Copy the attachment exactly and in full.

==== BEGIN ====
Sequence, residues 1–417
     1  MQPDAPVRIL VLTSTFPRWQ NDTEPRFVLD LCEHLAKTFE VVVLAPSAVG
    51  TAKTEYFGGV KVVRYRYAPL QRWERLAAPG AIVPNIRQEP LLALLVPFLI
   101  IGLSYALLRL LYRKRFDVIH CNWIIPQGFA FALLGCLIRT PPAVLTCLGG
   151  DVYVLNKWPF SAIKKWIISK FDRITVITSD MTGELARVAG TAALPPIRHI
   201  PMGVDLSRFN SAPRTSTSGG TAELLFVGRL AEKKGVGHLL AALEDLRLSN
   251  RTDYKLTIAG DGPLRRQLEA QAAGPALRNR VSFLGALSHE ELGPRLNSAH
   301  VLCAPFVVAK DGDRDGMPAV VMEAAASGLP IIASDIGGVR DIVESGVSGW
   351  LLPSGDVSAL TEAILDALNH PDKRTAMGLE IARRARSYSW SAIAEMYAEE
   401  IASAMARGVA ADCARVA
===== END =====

Sequence, residues 1–417
     1  MQPDAPVRIL VLTSTFPRWQ NDTEPRFVLD LCEHLAKTFE VVVLAPSAVG
    51  TAKTEYFGGV KVVRYRYAPL QRWERLAAPG AIVPNIRQEP LLALLVPFLI
   101  IGLSYALLRL LYRKRFDVIH CNWIIPQGFA FALLGCLIRT PPAVLTCLGG
   151  DVYVLNKWPF SAIKKWIISK FDRITVITSD MTGELARVAG TAALPPIRHI
   201  PMGVDLSRFN SAPRTSTSGG TAELLFVGRL AEKKGVGHLL AALEDLRLSN
   251  RTDYKLTIAG DGPLRRQLEA QAAGPALRNR VSFLGALSHE ELGPRLNSAH
   301  VLCAPFVVAK DGDRDGMPAV VMEAAASGLP IIASDIGGVR DIVESGVSGW
   351  LLPSGDVSAL TEAILDALNH PDKRTAMGLE IARRARSYSW SAIAEMYAEE
   401  IASAMARGVA ADCARVA